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Morning routines. We all have them.

Unless you’re like Pentecostals and contemporary worship folk who say they have no order of worship or liturgy. They just do the same things in the same order every week.

My morning routine includes looking over my New York Times app while I cradle my mug of coffee. (I still miss a tangible newspaper, but we have to move on.) I don’t have time to read much of the Times. I usually go first to the Opinion section, survey the titles and writers and then select two or three editorials to read. Most are good. Some are very good. A few I stop reading halfway through.

Next I typically head to The Twelve. I realize I’m biased, but often I come away thinking it was as solid, insightful, fresh, and well-written as anything I’d just read in The Times. Sure, it varies. Most are good. Some are very good. A few I stop reading halfway through.

Still, to be on par with The Times, or at least within shouting distance. That’s pretty good company.

Like The Times, you become familiar with the writers here on The Twelve. You have your favorites. You see a name and you start to conjure up the sort of thing they’re likely to bring that day. I’d like to have a contest where you come up with three to five adjectives for each of the regulars on The Twelve. And there are enough guests, semi-regulars, and switches to keep things lively.

I got a good deal on my New York Times subscription. I’m told it won’t be so cheap when it’s time to renew. Meanwhile, The Twelve simply appears. Gratis.

It’s free. No subscriptions. No paywall. No limits. But we sure could use your financial support. We’d take it as an endorsement. A token of gratitude. A sign to keep going. Such sentiments are not insignificant to us. They mean a lot. Truly.

Your gift is necessary to keep the wheels turning and the bills paid. We’re thrifty. We don’t get paid.

This year, however, we are asking for more than that.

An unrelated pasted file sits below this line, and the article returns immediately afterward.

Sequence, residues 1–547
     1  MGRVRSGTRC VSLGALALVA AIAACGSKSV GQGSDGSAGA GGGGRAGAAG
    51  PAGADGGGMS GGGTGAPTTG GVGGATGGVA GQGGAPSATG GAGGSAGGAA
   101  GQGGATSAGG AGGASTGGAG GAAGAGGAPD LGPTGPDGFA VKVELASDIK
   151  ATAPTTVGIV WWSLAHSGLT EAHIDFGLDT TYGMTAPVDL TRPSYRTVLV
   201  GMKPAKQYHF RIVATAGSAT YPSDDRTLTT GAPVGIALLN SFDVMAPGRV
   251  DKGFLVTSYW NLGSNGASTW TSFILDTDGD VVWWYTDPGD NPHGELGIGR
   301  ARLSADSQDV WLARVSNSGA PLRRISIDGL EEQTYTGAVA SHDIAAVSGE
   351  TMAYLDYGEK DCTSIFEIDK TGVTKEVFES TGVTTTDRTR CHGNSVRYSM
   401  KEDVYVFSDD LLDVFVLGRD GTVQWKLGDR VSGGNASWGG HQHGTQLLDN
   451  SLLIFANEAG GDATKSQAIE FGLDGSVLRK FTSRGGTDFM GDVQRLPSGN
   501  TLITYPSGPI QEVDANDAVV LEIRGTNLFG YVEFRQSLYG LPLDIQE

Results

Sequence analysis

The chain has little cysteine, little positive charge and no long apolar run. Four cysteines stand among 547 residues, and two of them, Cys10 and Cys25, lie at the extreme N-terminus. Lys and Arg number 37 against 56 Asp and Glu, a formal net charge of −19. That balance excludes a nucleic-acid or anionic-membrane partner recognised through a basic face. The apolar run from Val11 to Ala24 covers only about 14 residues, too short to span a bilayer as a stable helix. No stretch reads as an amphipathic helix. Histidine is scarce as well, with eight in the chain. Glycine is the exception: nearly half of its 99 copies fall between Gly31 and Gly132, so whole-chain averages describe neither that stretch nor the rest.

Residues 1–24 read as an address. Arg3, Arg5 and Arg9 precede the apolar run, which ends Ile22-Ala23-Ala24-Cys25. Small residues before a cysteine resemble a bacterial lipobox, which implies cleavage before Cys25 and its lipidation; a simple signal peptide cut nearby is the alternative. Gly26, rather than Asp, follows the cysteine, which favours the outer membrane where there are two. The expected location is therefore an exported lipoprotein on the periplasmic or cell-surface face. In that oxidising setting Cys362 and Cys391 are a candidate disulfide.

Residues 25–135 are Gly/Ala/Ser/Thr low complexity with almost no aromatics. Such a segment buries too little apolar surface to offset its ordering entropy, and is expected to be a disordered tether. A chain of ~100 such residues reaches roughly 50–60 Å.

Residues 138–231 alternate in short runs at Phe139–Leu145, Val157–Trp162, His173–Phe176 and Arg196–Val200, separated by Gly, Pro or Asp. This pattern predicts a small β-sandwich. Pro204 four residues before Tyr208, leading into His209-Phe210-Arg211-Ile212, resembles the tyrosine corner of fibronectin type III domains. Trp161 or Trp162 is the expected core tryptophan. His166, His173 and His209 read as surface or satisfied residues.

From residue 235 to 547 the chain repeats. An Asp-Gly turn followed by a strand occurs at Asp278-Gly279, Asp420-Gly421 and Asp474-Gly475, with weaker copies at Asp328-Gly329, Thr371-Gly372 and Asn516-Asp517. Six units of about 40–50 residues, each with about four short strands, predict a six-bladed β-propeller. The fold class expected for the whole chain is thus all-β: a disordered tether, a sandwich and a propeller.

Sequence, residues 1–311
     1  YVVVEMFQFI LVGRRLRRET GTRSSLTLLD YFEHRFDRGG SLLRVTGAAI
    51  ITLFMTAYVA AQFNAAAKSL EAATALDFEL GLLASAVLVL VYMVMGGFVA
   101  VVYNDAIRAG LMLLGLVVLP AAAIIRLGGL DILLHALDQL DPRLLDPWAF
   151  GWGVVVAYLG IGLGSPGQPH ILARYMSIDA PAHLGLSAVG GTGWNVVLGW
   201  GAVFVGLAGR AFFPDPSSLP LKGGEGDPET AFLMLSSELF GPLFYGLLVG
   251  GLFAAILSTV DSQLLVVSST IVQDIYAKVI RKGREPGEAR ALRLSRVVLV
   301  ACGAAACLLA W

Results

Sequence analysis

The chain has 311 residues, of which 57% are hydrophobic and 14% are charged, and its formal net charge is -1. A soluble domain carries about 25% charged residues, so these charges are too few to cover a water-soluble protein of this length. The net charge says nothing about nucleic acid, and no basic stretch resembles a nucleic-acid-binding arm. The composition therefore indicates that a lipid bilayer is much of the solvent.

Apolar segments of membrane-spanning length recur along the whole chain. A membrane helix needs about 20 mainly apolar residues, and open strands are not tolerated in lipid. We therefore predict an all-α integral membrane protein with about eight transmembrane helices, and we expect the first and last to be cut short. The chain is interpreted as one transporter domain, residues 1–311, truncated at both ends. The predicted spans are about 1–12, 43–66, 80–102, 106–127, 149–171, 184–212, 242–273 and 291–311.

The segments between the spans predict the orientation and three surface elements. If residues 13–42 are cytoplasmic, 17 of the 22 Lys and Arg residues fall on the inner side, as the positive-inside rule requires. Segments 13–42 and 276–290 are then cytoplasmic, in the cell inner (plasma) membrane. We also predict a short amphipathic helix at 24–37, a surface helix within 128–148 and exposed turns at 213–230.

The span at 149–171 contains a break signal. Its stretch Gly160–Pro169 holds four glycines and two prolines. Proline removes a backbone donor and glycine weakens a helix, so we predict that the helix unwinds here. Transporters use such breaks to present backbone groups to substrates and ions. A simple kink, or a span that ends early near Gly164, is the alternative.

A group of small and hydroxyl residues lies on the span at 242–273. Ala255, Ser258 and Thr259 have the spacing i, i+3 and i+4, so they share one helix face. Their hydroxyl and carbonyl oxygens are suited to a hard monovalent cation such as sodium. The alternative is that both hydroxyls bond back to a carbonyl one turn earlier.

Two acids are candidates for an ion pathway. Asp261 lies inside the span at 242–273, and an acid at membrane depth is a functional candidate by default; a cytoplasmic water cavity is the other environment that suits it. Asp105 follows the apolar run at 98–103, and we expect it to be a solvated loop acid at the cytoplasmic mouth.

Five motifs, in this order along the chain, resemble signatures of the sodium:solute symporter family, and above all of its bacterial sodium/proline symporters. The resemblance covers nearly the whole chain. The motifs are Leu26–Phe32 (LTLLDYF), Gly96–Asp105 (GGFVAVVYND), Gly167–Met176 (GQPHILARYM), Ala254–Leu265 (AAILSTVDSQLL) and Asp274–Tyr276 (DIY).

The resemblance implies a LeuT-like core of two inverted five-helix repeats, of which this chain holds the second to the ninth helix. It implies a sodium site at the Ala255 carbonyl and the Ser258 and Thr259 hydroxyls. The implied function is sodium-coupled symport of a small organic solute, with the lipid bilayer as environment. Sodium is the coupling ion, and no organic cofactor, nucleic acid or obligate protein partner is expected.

We believe we’re ready to move into some new territory. Ever since we stopped the hard-copy Reformed Journal, the printed and mailed version, we’ve been looking for our sea legs, trying to find our way. We think we’re about there — with the ideas, energy, and commitment to make the Journal as lively as The Twelve. What we need is some significant funding.

Today has become Giving Tuesday. You’re inundated with requests from so many, many noble causes. We’re not asking you to ignore them. It’s also World AIDS Day. I’m very cognizant that the Reformed Journal is not feeding hungry children or giving medical care to refugees.

But back to morning routines — we trust that a provocative thought, some well-crafted words, a few moments of inspiration and beauty, some humor and hope, sometimes dismay and sometimes holiness are something you want to support.

Thank you.

Support The Reformed Journal

Your monthly financial contribution allows us to continue to express the Reformed faith theologically; to engage issues that Reformed Christians meet in personal, ecclesiastical, and societal life.

Steve Mathonnet-VanderWell

Steve Mathonnet-VanderWell is a recently retired minister of the Reformed Church in America. He has been the convener of the Reformed Journal’s daily blog since its inception in 2011. He and his wife, Sophie, reside in Des Moines, Iowa.

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